Monday, September 23, 2013


Dr. S just graded his first batch of student papers.  Per his department's and the university's policy, he requires all his students to sign that their work is honor-code-pledged: "I pledge on my word of honor that I have neither given nor received assistance on this assignment."  They can and do expel students for violating the honor code - people leave their laptops laying around, for example, because it is an expelling offense to steal as well - and anyone who is caught plagiarizing gets the summary boot.  Exams are not proctored, and if a student is travelling, they take the exam and an envelope, do it on their own, and seal the envelope.

As part of the faculty orientation, the student body president got up and explained that yes, the honor code is draconian, but the students overall like it, because they believe they're all getting a grade they earned, because nobody is cheating.  (It is also an expellable offense to know someone else is cheating, and not report it.)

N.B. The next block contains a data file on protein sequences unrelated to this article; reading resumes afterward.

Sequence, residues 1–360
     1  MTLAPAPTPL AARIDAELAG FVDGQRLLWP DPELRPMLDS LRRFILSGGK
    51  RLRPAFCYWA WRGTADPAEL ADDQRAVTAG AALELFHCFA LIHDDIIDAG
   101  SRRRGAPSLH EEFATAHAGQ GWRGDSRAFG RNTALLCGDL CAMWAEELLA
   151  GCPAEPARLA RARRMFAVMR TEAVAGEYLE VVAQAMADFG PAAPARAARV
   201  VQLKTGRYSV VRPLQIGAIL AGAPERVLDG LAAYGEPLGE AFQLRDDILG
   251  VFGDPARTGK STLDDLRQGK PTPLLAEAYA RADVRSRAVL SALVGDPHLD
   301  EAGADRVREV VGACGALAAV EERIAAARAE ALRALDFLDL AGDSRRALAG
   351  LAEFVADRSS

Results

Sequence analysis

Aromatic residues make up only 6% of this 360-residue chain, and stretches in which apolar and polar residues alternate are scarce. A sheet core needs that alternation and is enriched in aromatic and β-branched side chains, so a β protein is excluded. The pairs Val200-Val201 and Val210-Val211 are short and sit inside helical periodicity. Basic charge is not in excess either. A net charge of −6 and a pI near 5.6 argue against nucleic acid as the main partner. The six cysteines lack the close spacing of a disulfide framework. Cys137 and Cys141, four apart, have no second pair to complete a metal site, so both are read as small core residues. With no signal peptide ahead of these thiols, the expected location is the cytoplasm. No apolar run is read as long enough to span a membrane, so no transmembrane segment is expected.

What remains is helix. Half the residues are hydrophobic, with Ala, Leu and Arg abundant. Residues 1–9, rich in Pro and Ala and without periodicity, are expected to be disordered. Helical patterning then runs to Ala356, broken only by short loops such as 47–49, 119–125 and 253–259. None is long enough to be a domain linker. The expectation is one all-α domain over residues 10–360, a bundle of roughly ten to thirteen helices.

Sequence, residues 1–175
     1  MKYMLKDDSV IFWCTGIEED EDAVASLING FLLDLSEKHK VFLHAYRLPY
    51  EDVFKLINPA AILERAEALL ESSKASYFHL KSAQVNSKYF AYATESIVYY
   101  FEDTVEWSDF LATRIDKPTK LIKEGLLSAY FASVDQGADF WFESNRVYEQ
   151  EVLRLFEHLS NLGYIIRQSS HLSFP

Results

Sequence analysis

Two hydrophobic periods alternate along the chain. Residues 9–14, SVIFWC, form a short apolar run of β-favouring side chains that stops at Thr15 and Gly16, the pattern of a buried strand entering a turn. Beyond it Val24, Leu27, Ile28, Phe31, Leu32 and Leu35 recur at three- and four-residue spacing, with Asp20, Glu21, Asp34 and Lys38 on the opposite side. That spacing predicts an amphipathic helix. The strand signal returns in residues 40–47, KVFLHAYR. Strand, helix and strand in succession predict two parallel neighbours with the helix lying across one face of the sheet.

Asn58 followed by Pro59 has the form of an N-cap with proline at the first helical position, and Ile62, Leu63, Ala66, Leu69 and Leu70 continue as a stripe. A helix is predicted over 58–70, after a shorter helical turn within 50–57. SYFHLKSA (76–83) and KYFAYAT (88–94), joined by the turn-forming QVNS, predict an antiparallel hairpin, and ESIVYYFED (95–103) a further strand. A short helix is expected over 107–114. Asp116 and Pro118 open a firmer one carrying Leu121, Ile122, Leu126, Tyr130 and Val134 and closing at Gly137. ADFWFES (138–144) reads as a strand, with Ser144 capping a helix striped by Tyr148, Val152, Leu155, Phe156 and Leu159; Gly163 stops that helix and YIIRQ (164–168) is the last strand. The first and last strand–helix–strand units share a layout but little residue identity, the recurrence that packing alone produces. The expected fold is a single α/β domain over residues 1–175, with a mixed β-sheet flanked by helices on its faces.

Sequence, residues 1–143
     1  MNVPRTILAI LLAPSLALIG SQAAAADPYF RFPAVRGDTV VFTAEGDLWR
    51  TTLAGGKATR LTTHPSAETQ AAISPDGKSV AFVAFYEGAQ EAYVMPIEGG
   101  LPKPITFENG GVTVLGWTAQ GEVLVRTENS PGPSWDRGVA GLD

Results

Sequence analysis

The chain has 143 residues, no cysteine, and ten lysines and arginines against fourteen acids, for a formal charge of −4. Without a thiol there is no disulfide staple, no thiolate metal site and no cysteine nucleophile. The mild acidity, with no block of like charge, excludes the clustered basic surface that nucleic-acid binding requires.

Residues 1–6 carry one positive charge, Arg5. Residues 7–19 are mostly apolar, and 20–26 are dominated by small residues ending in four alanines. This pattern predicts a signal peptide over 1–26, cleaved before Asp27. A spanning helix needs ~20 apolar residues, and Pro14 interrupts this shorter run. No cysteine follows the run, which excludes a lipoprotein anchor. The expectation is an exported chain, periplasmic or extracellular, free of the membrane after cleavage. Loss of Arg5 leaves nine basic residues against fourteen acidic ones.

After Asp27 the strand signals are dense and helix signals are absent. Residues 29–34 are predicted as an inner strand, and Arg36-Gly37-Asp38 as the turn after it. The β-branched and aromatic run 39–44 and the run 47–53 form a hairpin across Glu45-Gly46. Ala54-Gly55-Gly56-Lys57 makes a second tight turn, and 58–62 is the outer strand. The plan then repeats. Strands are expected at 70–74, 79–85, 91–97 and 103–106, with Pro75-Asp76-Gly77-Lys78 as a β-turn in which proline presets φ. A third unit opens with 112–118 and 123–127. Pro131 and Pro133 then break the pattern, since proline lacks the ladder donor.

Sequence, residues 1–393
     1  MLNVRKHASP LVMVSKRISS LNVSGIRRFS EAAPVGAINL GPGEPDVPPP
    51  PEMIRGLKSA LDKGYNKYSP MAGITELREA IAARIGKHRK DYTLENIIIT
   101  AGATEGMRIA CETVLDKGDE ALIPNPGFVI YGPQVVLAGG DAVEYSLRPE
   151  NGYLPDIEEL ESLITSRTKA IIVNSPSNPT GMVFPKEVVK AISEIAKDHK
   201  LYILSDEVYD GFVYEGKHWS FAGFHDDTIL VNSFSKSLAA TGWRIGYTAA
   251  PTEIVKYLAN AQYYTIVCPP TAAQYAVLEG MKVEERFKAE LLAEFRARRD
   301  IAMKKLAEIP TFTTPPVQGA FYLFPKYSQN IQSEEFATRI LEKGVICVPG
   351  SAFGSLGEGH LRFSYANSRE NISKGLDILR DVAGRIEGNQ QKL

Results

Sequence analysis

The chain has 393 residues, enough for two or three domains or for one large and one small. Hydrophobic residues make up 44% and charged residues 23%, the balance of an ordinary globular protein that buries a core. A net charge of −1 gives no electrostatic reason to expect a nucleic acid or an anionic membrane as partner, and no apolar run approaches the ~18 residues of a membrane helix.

I have a theory that this works best at schools like this, where the reputation of the degree matters more to the students than the fact of the degree.  And the town is so small and rural that outside influences (and/or theft) pretty much don't happen either.

It's also traditional to announce after the first exam, "Well, I see from these scores that the honor code is alive and well at Mountain University!"

1 comment:

  1. Heavenly.

    At Beloved Alma Mater, we did not have quite that, but there was no culture of cheating, at all. It was wonderful. Finals, for example, were all available to be taken at any of four set times on each of five or so exam days. Whenever you were ready for that exam, you just presented yourself at the appropriate academic building, handed them your ID, and took your envelope to any open room for the next couple of hours. I never heard of anyone telling a classmate what was on the exam, even though we frequently studied in groups prior to taking the exam. Partly this is down to the kind of competition that flourished there -- not beating everyone else, but being the best yourself. To have given help to a classmate who asked would have felt strange, but to admit you had to ask? Unfathomable.


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